Spring and Summer 2018 – photos from our outings

Here are some photos from our spring and summer field outings in 2018.

Lundbom outing – Sunday June 3rd: Birds, Blooms & Butterflies

Six keeners showed up for this outing. We drove to the end of Lundbom Common and walked a 3 km loop through grasslands and forest. It was cloudy and cool so not many butterflies, although a few showed up later in the day. The blooms and birds were spectacular – many plant species in bloom (it is a very good year for larkspur) and good birding (48 species recorded). We ended our outing just as the weather changed and it poured rain.
For the list of birds seen click here: Bird list Lundbom 3 June 2018

Silky Lupine (foreground) and Arrow-leafed Balsamroot (background). Photo: ©Alan Burger

Conditions in 2018 are great for Upland Larkspur (Delphinium nuttallianum) with huge swaths of violet-blue on the hillsides. Yellow Arrow-leafed Balsamroot (Balsamorhiza sagittata) flowers in the background. Photo: ©Alan Burger

Silvery Blue butterflies (Glaucopsyche lygdamus) – female in the main picture, male in the inset. Photos: ©Alan Burger

Meadow Death-Camas Zigadenus venenosus (Left) and Silky Lupine Lupinus sericeus (Right). Photos ©Alan Burger

Bumblebee on a dandelion flower – Lundbom Common. Photo: ©Alan Burger

Two common flycatchers in the Lundbom area: Western Wood Peewee (left) and Dusky Flycatcher (right). Photos ©Alan Burger

Coutlee Plateau outing – Sunday June 24th, 2018

Local rancher and rangeland expert Wayne Schindler led us on an interesting drive around the Coutlee Plateau just southwest of Merritt up Midday Valley Road. With many stops along the way Wayne showed us the impacts of introduced weeds (knapweed, hounds-tongue, Dalmatian toadflax, cheatgrass etc.) on the grasslands and the efforts to control these with both natural predators (e.g., weevils to attack the knapweed roots) and selective herbicide use. Later we visited his woodlot on the higher reaches of the plateau to see the various ways in which the forest is logged and managed. We ended up at just over 1600 m elevation (6,000 ft) with great views of the hills and valleys around Merritt. It was a sunny, warm day with lots of wildflowers blooming so the butterflies were plentiful. Although this was not a birding trip we did record some interesting species and 28 bird species in total. For the bird list from this outing click here: Bird List for Coutlee Plateau 24JUN2018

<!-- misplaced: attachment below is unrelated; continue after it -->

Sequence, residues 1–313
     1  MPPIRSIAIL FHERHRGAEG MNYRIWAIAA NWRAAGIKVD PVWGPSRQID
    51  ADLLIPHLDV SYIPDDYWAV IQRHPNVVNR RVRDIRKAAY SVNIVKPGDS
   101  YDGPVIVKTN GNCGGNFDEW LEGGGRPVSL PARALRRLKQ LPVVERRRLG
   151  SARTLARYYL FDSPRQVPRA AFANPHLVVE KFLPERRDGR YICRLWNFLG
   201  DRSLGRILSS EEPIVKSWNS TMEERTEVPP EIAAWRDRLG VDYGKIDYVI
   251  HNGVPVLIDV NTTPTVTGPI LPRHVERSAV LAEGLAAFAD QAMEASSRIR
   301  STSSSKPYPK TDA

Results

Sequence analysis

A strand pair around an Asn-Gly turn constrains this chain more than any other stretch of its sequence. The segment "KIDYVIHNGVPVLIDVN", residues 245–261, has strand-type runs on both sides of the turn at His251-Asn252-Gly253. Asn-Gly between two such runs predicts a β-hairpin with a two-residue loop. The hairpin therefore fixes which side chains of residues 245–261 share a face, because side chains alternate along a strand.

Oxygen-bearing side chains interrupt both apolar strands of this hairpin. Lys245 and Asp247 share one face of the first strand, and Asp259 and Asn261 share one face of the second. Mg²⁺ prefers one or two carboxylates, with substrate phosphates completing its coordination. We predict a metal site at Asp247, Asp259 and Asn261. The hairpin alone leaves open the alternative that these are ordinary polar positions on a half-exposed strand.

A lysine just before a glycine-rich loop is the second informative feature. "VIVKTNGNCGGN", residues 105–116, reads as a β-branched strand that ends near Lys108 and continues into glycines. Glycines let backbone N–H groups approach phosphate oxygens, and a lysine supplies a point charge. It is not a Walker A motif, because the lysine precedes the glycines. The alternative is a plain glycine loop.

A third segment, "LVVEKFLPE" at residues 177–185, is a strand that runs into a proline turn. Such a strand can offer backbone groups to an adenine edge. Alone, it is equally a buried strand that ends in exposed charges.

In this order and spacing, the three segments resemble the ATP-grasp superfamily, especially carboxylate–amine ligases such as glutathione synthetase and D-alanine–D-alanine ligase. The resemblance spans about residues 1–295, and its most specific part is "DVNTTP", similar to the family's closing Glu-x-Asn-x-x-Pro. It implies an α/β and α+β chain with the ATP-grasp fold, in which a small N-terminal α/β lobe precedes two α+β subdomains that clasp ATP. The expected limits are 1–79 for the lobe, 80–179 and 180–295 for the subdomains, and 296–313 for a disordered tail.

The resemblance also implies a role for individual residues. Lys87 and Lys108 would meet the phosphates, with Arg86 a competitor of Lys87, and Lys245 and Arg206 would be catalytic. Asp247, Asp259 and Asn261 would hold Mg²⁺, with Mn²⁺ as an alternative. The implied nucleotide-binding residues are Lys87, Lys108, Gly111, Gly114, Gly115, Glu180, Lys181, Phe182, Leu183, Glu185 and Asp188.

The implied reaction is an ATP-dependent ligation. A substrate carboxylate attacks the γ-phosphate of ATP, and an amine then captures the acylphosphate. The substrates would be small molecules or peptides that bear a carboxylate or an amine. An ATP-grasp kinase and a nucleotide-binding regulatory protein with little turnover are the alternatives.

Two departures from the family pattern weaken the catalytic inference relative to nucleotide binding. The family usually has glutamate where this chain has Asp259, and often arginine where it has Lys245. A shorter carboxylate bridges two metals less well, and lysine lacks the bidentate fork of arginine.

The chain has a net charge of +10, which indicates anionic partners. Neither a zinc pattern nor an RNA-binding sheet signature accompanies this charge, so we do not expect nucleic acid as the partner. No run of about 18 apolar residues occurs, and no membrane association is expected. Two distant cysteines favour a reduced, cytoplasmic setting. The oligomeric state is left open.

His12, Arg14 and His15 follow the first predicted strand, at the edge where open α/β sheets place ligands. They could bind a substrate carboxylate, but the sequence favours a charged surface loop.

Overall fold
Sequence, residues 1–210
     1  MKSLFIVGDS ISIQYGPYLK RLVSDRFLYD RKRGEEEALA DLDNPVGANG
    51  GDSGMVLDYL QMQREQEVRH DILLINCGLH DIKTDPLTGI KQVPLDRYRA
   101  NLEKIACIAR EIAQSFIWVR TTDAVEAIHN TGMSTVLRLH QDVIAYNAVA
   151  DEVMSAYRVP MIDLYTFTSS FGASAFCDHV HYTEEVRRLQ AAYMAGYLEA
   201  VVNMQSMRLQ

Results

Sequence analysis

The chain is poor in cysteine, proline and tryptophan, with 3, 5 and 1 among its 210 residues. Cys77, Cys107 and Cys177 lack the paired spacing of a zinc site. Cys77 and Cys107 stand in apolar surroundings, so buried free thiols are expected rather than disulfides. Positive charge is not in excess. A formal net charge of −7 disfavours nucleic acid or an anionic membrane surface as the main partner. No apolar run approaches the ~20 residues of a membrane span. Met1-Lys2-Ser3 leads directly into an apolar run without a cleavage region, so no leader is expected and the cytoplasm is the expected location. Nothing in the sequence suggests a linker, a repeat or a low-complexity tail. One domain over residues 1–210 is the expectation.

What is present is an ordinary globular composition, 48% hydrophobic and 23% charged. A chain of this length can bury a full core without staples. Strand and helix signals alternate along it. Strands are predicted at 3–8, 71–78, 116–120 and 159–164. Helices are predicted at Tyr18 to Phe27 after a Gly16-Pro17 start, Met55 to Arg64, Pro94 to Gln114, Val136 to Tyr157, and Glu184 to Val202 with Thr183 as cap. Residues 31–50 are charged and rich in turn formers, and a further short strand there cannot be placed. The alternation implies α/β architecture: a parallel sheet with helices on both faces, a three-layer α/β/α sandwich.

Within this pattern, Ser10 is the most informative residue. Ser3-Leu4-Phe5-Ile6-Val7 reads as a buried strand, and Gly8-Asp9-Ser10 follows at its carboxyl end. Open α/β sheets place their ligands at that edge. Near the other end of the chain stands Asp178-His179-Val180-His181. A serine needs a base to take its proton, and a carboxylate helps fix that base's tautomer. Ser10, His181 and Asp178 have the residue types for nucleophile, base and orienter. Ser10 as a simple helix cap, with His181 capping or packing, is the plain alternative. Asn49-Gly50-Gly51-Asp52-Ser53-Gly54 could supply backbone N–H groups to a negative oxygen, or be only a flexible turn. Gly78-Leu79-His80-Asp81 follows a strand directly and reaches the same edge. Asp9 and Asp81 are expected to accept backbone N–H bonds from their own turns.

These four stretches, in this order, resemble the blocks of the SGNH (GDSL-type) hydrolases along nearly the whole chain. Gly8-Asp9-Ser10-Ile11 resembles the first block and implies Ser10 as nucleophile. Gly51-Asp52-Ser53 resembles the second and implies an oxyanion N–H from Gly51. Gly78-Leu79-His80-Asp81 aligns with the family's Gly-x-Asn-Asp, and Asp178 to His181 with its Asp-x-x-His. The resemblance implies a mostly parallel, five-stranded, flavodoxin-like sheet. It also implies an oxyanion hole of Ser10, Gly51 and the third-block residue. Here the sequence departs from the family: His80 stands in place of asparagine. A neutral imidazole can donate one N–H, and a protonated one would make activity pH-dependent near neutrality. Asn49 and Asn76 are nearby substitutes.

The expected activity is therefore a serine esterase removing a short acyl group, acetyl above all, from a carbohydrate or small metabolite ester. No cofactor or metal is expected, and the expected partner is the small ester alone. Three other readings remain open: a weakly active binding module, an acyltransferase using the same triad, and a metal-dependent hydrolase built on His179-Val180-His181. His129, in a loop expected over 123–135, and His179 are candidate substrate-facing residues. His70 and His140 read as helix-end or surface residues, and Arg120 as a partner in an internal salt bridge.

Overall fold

A close view of the tall grass on the Coutlee Plateau. Photo: ©Anne Pang

Panoramic view of our group checking out the grasslands of the Coutlee Plateau. Photo: ©Anne Pang

Grasslands on the Coutlee Plateau are important grazing areas for local ranchers. Photo: ©Alan Burger

Rancher Wayne Schindler shows our naturalist group the weevil that is having some success in biological control of the noxious Spotted Knapweed. ©Alan Burger

Larva of the knapweed weevil in the root of the introduced pest Spotted Knapweed. Photo ©Alan Burger

Savannah Sparrow – one of the common birds of the Coutlee Plateau. Photo: ©Anne Pang

A Square-spotted Blue butterfly (Euphilotes battoides) sitting on a Parsnip-flowered Buckwheat (Eriogonum heracleoides). This butterfly is sometimes called the “Buckwheat Butterfly” because both the larva and the adult use this plant for food. Photo: ©Anne Pang

Parsnip-flowered Buckwheat (Eriogonum heracleoides) – a favourite plant for butterflies. Photo ©Alan Burger

Regenerating forest on the Coutlee Plateau woodlot. Photo ©Alan Burger

Tiger Lilies (Lilium columbianum) blooming in a forest glade on Coutlee Plateau. Photo ©Alan Burger

Lunch with a view – at over 1600 m on the Coutlee Plateau. Photo: ©Anne Pang


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